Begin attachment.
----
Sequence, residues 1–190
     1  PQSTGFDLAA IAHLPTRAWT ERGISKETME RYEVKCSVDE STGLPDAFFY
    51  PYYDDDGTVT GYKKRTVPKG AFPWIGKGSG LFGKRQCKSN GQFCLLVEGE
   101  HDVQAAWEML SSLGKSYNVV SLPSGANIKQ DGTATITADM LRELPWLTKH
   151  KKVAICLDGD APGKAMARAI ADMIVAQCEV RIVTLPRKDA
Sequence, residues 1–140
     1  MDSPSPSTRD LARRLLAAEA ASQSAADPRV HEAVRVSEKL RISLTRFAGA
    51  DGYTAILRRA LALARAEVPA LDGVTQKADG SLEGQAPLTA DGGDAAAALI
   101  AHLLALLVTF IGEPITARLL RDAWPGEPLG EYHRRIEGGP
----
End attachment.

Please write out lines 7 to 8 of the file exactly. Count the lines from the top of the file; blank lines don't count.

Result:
     1  MDSPSPSTRD LARRLLAAEA ASQSAADPRV HEAVRVSEKL RISLTRFAGA
    51  DGYTAILRRA LALARAEVPA LDGVTQKADG SLEGQAPLTA DGGDAAAALI